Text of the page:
As of the time Mt. Gox halted withdrawals on Feb. 7, 2014, Steinmetz owned 43,000 BTC and Jones had 1,900 BTC, as the lawsuit shows. Based on the lowest Bitcoin price of $654.35 on the day, Steinmetz holding was worth roughly $28,137,050, and Jones’ 1,900 BTC was worth about $1,243,265

Bitcoin price from Feb. 7, 2014 to Feb. 8, 2014

Bitcoin price from Feb. 7, 2014 to Feb. 8, 2014

Source: Coin360

Jones and Steinmetz claim that McCaleb reassured them about the security of the exchange, following the dictionary attack in 2011 An unknown amount of Bitcoin was missing due to this attack. In addition, the plaintiffs described themselves as experienced cryptocurrency traders and, as of the time of filing, they were still in pursuit of their lost Bitcoin. 

Alleged misrepresentations that the plaintiffs mentioned include McCaleb saying:

Timeline of Statements

These statements suggest that every issue of which McCaleb was aware was fixed and that no Bitcoin was stolen, a contradiction to findings that 80,000 Bitcoin was already missing. However, the purported misrepresentations above led users, especially the plaintiffs, to continue trading on Mt. Gox until the exchange ultimately sought bankruptcy protection in 2014, going by the following paragraphs in the lawsuit:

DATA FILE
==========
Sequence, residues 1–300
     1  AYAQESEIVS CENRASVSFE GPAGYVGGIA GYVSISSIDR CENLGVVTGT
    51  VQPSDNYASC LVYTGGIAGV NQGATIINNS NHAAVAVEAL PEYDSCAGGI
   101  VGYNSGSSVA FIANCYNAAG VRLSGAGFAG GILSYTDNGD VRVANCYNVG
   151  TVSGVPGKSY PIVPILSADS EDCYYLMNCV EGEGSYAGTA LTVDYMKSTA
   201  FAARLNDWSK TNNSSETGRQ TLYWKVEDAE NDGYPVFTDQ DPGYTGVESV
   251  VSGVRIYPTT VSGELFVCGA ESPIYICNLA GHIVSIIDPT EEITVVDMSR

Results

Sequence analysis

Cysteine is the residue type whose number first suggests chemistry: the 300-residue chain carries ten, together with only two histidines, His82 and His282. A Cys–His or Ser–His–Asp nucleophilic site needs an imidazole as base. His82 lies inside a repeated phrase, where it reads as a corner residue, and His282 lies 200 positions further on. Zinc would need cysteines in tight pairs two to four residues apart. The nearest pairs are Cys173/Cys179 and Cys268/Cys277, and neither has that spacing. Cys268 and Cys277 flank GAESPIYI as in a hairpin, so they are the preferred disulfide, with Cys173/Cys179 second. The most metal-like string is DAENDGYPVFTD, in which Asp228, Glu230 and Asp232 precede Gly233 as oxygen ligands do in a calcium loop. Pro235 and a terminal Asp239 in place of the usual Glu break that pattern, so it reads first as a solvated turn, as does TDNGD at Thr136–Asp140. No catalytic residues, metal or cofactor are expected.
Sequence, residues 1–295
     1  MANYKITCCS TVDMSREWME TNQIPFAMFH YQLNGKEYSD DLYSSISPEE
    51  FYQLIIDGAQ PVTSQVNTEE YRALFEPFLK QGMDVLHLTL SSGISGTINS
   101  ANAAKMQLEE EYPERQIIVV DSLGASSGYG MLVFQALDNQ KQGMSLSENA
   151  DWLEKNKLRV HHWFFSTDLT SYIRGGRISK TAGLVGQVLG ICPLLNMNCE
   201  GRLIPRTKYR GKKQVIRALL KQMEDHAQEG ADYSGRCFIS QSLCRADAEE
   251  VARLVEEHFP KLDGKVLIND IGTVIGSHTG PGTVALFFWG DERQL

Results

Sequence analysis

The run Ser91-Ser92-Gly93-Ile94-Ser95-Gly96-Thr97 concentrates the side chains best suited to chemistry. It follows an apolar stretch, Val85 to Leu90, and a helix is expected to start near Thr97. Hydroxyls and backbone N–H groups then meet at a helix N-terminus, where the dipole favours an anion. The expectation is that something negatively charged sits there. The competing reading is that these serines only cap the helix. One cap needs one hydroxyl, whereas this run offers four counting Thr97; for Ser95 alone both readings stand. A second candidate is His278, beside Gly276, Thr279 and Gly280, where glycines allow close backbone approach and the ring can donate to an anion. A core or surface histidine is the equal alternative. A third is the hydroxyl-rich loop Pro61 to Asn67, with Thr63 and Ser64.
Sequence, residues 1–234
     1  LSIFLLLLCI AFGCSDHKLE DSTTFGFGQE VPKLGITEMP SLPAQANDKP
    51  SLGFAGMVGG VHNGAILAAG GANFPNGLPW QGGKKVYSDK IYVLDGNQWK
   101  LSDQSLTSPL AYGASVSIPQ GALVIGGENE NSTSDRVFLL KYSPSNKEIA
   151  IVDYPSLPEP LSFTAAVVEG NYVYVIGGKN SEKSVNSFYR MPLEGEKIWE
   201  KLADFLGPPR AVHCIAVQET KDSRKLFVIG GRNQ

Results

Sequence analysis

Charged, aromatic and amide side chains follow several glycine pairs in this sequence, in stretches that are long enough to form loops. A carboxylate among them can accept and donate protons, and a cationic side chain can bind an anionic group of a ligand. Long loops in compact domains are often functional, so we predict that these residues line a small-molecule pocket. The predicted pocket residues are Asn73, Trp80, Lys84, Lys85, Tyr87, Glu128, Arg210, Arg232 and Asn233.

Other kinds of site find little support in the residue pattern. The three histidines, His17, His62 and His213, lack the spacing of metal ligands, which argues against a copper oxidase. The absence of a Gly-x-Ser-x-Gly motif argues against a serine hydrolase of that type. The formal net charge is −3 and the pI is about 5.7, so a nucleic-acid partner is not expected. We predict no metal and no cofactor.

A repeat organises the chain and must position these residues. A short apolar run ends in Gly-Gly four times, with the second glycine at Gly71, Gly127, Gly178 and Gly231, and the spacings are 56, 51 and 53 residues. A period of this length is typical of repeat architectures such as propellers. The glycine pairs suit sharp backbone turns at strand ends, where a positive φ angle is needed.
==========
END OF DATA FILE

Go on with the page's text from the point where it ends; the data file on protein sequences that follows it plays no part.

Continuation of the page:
„Had plaintiffs known that the representations and omissions made by defendants were inaccurate, false and misleading, and designed to induce plaintiffs into utilizing the services provided by defendants, plaintiffs would not have selected Mt. Gox to do their bitcoin trading. As a direct, proximate and foreseeable result of defendants’ fraudulent misrepresentations and omissions, plaintiffs have suffered and will continue to suffer substantial damages in an amount to be proven at trial.”

A similar lawsuit filed against McCaleb by two different ex-users of Mt Gox last year showed email conversations with McCaleb that suggests that he was aware of the security flaws that had lead to Bitcoins going missing from the platform. The 2018 lawsuit, filed by Donald Raggio and his son Chris Raggio, claimed that McCaleb did not do enough to recover a total of 9,500 Bitcoins that were stolen from the pair’s accounts on Jan. 9, 2011.